Profile your Future App
Profile Your Future App
So, you have the opportunity to work on a Ruby on Rails app.
Perhaps you are a potential new company employee, a freelancer, or even a consulting company. Regardless, you will probably want to get an idea as to “how well” new development on this app is potentially going to go before you fire up your editors and start coding.
It would be nice to be able to have a look at the code before deciding to take on the job, but commercial codebases are typically private, and would probably require annoying things like NDAs to take a peek, if that request was even entertained in the first place.
So, what information have you got to go on to ensure that you’re not entering a potential minefield without being able to access the code itself? The word of someone in the organisation telling you that they “take testing and code quality very seriously”? They might be telling the truth, but it’s probably best to let the app itself tell you that.
Here’s a list of things to ask about to get an app to tell you its story without divulging (all of) its secret sauce:
A first simple litmus test of code care can be found in the Gemfile, so see if you can get a hold of it to see things like:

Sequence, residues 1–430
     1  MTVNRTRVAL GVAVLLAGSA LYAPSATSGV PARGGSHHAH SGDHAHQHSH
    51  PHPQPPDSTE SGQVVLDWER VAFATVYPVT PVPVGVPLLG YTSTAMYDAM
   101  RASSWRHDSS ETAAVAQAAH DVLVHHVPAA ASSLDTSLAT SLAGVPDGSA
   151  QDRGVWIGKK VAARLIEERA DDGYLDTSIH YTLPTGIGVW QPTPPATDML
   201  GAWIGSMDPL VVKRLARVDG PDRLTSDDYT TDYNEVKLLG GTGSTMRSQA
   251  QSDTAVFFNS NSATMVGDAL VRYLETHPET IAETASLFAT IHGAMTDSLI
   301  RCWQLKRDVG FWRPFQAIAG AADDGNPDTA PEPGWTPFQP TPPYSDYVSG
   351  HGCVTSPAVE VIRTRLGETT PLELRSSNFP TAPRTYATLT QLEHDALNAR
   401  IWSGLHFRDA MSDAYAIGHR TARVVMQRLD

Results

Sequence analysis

- Are the gems grouped correctly?
- Do the gem entries have any kind of versioning?
- Are there any comments explaining what each gem is and what is does, and if necessary, why it’s there?
- Are there any outdated/obsolete gems?
- Are there any locked-at-specific-version gems? If so, any comments as to why?
- Are gems you prefer/don’t prefer being used?
- If the Ruby version is enumerated, is it the latest version? If not, any comments as to why? (If the Ruby version isn’t enumerated here, ask what version it runs)
If, for whatever reason, a
Gemfile can’t be examined (maybe it contains “business intelligence”…), then probably the next best artefact to get would be the output of
$ bundle outdated, or perhaps a dependencies report from an online service like Gemnasium if the app uses it, so that the current general maintenance levels of the app can be ascertained.
Documentation seems to be the necessary evil that always gets pushed to the bottom of a developer’s priority list, consequently meaning it rarely gets done. In the case of the
README file, poor or no documentation can cost hours to weeks of stalled onboarding time just getting an app up and running, with further time being potentially wasted on solving the problems already encountered and solved before by other members of a team. Therefore, it provides value and is worth keeping as a living document, so see if you can get a copy of it.
If not enumerated explicitly, ask someone about:
- The last time the document was updated